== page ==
The majority opinion was authored by Judge John G. Baker, with Judge Cale Bradford concurring. Judge Melissa May dissented, rejecting the majority’s premise that “reasonableness” is no longer a consideration in late-notice disputes. May observed that it did not appear that a “reasonableness” argument was made by the insurer in Dreaded and that nothing in the Indiana Supreme Court’s decision indicated that the court was overruling Miller v. Dilts, 463 N.E.2d 257 (Ind. 1984) (requiring a consideration of whether the insurer has been prejudiced by the delayed notice). May also noted that nothing in the Dreaded decision indicated that the insured offered an explanation for its delay in giving notice since there was no argument in Dreaded concerning that issue. May cited to the Indiana Supreme Court’s discussion concerning what the case was not about. (Dreaded did not contend that its failure to give notice was legally excused. 904 N.E.2d at 1272-1273.)

With respect to the Supreme Court’s citation to a legal excuse argument, the Dreaded court cited to the 7th Circuit Court decision in Commercial Underwriters Insurance Company v. Aires Environmental Services LTD., 259 F.3d 792 (2001) (Illinois law). Aires did not involve circumstances where the insured provided notice years after the claim while incurring significant legal fees, costs and entering into a settlement agreement. Instead, the facts are that the insured in that case gave notice to its insurer as soon as a claim was made and suit filed against it even though it had knowledge that an accident had occurred and suit had been filed against a different party. The plaintiff in that case did not add Aires as a party for nearly two years after the original suit was filed. There is nothing in that case discussing the failure of a policyholder to locate its insurance policies as grounds to excuse a condition precedent and an unreasonable delay in providing notice.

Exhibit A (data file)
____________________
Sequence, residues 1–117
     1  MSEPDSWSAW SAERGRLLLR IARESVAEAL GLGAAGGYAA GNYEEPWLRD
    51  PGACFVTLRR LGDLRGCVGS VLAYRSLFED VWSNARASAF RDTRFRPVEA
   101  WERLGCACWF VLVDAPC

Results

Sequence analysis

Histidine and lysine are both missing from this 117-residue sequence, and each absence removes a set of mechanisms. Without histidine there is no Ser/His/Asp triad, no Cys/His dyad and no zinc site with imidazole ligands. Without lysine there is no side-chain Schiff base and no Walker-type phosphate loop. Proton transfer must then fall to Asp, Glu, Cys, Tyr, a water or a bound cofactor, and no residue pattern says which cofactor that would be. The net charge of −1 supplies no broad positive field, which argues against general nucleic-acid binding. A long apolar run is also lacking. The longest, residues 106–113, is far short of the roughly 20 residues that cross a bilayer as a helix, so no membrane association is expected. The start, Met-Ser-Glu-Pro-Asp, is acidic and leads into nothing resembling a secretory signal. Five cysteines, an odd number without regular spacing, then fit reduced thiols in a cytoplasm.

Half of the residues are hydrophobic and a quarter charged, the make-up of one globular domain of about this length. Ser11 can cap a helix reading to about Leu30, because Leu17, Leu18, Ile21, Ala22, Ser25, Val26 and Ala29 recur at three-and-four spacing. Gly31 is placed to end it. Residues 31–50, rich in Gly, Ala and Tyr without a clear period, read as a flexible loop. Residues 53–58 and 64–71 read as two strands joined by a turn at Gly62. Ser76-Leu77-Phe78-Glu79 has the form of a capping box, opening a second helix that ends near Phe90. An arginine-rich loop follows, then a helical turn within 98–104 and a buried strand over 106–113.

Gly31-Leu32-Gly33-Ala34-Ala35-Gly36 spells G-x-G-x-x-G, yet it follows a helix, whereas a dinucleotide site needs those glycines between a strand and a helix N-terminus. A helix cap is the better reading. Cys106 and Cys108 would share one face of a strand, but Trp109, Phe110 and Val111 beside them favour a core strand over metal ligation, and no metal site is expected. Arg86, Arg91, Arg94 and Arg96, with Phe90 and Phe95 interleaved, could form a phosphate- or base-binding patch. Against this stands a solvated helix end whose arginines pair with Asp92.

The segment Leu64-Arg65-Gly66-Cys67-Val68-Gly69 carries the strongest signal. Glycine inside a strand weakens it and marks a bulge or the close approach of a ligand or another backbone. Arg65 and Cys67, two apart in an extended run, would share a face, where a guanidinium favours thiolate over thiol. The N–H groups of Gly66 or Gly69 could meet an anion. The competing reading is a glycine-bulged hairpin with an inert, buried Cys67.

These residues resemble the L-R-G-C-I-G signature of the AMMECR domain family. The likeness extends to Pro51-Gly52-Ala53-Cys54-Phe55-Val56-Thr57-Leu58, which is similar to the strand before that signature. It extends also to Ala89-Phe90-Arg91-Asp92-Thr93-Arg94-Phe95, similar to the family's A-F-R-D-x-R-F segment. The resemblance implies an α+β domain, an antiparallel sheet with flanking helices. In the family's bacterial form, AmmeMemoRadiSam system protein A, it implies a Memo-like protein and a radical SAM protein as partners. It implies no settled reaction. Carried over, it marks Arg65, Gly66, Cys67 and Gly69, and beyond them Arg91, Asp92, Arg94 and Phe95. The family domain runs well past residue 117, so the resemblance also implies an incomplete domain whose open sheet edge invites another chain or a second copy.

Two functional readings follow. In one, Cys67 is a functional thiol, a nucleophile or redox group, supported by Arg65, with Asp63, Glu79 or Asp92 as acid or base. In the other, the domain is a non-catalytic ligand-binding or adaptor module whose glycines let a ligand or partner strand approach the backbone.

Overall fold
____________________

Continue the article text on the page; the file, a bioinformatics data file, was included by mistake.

It remains to be seen whether this is an issue that the Indiana Supreme Court will revisit if a petition for transfer is filed in the future.•

Barbara Jones is a partner in the Indianapolis firm of Cantrell Strenski & Mehringer and is a member of the Defense Trial Counsel of Indiana. The opinions in this article are those of the author.